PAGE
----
Mississippi

 

 Freedom Summer

June 1964

Freedom Summer was a campaign to assist African Americans in registering to vote, to education black youth, and to fight for desegregation and equality. To achieve these goals, African American organizers needed to train volunteers, who were subsequently mostly white, to prepare for the inevitable attacks they would experience in Mississippi. 1 Many of the volunteers were beaten and three young men would be killed; Michael Schwerner, James Chaney, and Andrew Goodman. 2 As you can see in the photographs, the attacks could be very serious, requiring medical treatment. 3


Image Credit in Order of Appearance
Polumbaum, Ted. "Freedom Summer Volunteers Canvasing in Mississippi." Digital image. PBS: American Experience. June 1964. http://www.pbs.org/wgbh/americanexperience/features/freedomsummer-project/.
Polumbaum, Ted. "David Owen in Mississippi." Digital image. PBS: American Experience. June 1964. http://www.pbs.org/wgbh/americanexperience/features/freedomsummer-project/.
Herron, Matt. "Lexington Mississippi Freedom School Opens." Digital image. PBS: American Experience. July 1964. http://www.pbs.org/wgbh/americanexperience/features/freedomsummer-project/.
Polumbaum, Ted. "David Owen Receives Medical Treatment." Digital image. PBS: American Experience. June 1964. http://www.pbs.org/wgbh/americanexperience/features/freedomsummer-project/.

 

Freedom Day

July 16, 1964

Freedom Day was a day of mass protesting for voter rights in which several of the participants who were also part of the Freedom Summer program and SNCC volunteers were arrested. 4 This event is slightly more publicized than the general canvasing for voter registration, likely due to the violence, and could make for a strong Webquest type of assignment.


Image Credit in Order of Appearance
Polumbaum, Ted. "Young Man Arrested at the Freedom Day Protests." Digital image. PBS: American Experience. July 16 1964. http://www.pbs.org/wgbh/americanexperience/features/freedomsummer-project/.
Polumbaum, Ted. "Pregnant Woman Arrested at the Freedom Day Protests." Digital image. USA Today. July 16 1964. https://www.usatoday.com/story/news/nation/2014/02/03/freedom-summer-1964/5190961/.
 

  

Meredith Mississippi March

March - June 1966

The Meredith Mississippi Marches of 1966 were named for James Meredith who had been granted the right to attend college, regardless of his ethnicity, by the federal government and was subsequently murdered. 5 The march was to protest fear of white rage with every step toward equality. 6Participants were of all ages and though the marchers were not met with police brutality there was a heavy police presence and some marchers were attacked by counter-protestor, some of which were also youths, on stops along the march. 7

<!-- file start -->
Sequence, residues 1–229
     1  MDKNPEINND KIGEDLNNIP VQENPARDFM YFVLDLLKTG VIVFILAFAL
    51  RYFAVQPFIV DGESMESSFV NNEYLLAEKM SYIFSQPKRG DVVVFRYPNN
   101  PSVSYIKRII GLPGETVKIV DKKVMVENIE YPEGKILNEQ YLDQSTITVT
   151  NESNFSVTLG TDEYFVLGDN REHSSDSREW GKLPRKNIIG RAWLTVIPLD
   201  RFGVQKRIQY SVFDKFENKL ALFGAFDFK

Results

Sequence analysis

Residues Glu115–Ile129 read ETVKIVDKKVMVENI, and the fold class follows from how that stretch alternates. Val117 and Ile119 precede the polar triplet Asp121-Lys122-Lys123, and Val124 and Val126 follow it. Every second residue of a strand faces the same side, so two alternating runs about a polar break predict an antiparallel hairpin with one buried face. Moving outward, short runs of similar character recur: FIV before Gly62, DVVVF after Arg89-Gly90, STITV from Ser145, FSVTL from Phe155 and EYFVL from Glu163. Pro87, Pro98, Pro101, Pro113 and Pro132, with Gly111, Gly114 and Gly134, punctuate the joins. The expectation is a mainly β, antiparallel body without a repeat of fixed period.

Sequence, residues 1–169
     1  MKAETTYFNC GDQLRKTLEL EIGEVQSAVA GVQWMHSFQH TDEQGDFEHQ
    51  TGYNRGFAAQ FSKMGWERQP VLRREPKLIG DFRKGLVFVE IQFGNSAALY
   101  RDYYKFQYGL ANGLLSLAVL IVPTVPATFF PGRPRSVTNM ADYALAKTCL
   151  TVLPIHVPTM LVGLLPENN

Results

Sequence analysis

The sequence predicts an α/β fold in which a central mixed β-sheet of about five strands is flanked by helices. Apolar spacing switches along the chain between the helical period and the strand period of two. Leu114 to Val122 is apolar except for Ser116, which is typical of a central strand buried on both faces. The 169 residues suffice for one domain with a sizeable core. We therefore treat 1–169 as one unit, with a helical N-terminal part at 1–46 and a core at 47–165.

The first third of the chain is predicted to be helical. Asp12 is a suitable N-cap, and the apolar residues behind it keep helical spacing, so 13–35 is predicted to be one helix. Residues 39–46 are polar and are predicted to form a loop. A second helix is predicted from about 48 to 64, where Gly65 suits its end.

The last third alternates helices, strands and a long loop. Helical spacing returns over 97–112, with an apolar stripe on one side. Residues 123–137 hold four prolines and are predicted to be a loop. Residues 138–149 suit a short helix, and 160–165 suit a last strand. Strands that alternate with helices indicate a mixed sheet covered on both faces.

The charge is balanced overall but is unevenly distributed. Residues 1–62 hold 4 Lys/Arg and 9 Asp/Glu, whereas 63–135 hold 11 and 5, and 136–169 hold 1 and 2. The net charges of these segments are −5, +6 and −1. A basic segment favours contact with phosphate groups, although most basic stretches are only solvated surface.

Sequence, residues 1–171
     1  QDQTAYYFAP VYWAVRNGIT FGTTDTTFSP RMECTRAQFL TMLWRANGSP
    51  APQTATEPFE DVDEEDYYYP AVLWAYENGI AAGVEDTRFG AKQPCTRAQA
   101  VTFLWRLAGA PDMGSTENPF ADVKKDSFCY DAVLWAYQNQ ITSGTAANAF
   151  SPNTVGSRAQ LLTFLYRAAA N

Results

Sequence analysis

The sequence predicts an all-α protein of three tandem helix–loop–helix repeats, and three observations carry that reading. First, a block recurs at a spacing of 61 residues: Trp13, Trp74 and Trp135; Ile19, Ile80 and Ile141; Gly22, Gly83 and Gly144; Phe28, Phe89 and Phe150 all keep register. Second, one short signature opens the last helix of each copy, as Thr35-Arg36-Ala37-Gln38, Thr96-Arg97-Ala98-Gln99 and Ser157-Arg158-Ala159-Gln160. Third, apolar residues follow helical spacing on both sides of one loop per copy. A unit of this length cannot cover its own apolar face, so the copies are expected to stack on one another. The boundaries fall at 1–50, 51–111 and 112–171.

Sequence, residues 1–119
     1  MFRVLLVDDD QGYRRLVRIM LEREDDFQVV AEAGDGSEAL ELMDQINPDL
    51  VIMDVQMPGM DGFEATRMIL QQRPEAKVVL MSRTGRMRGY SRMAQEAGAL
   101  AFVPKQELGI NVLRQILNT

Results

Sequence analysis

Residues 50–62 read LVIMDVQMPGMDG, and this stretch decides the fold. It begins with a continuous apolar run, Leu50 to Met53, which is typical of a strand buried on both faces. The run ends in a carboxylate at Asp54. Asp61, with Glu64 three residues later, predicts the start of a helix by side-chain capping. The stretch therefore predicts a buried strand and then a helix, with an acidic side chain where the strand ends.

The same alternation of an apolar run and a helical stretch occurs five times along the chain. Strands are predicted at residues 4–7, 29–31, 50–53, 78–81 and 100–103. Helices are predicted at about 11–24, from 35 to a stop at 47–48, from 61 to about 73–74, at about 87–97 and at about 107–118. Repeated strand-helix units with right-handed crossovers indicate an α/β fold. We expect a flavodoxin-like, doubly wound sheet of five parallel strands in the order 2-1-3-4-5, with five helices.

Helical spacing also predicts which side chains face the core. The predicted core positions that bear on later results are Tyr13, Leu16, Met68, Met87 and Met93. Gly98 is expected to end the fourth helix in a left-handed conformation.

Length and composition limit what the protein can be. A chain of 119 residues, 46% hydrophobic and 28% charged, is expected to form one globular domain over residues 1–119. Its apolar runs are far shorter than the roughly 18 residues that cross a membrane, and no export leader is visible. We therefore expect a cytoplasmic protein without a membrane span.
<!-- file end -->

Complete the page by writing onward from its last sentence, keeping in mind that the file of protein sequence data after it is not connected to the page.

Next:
Image Credit in Order of Appearance
Freeman, Jo. "Marchers Line Up After Lunch." Digital Image. The Meredith Mississippi March-June 1966. 1966. http://www.jofreeman.com/photos/meredith.html.
Freeman, Jo. "Hosea Williams Addresses the Crowd." Digital Image. The Meredith Mississippi March-June 1966. 1966. http://www.jofreeman.com/photos/meredith.html.
Freeman, Jo. "Marchers Watch Rally From Courthouse Steps." Digital Image. The Meredith Mississippi March-June 1966. 1966. http://www.jofreeman.com/photos/meredith.html.
Freeman, Jo. "Young Marcher Remembers Jimmy Lee Jackson." Digital Image. The Meredith Mississippi March-June 1966. 1966. http://www.jofreeman.com/photos/meredith.html.
Freeman, Jo. "Counter-Protestors Spectating." Digital Image. The Meredith Mississippi March-June 1966. 1966. http://www.jofreeman.com/photos/meredith.html.
 

Videos

The following videos will provide you with the voices of those involved in events of the Civil Rights Movement in Mississippi.

This video discusses the attack of James Meredith, who had successfully integrated the University of Mississippi. The video shows images of his one-man march growing in popularity, including participation from children. The march would continue, grow, and become more than a voters rights march but one against fear of white rage.

    

Audio

The following links will take you to audio clips about the Civil Right Movement in Mississippi

Freedom Summer:

  • Oh Freedom Over Me by John Biewen. (February 2001)
Featured Image Credit
Polumbaum, Ted. "Freedom Summer Volunteers Canvasing in Mississippi." Digital image. PBS: American Experience. June 1964. http://www.pbs.org/wgbh/americanexperience/features/freedomsummer-project/.
  1. "The Mississippi Summer Project." PBS: American Experience. June 24, 2014. http://www.pbs.org/wgbh/americanexperience/features/freedomsummer-project/.
  2. Ibid.
  3. Ibid.; Additionally, David Owen was only nineteen when he volunteered but would stay in Mississippi for the cause until January of 1965, a testament to the devotion to equality.
  4. "The Mississippi Summer Project." PBS: American Experience. June 24, 2014. http://www.pbs.org/wgbh/americanexperience/features/freedomsummer-project/.; It is also worth mentioning that Freedom Day did not occur only in Mississippi.
  5. Freeman, Jo. "The Meredith Mississippi March-June 1966." Jo Freeman. Accessed April 14, 2017. http://www.jofreeman.com/photos/meredith.html.
  6. "White Rage" is a modern concept of the fear a white person has over the rights and equality of minorities taking something from them to the point that they lash out.
  7. Freeman, Jo. "The Meredith Mississippi March-June 1966." Jo Freeman. Accessed April 14, 2017. http://www.jofreeman.com/photos/meredith.html.

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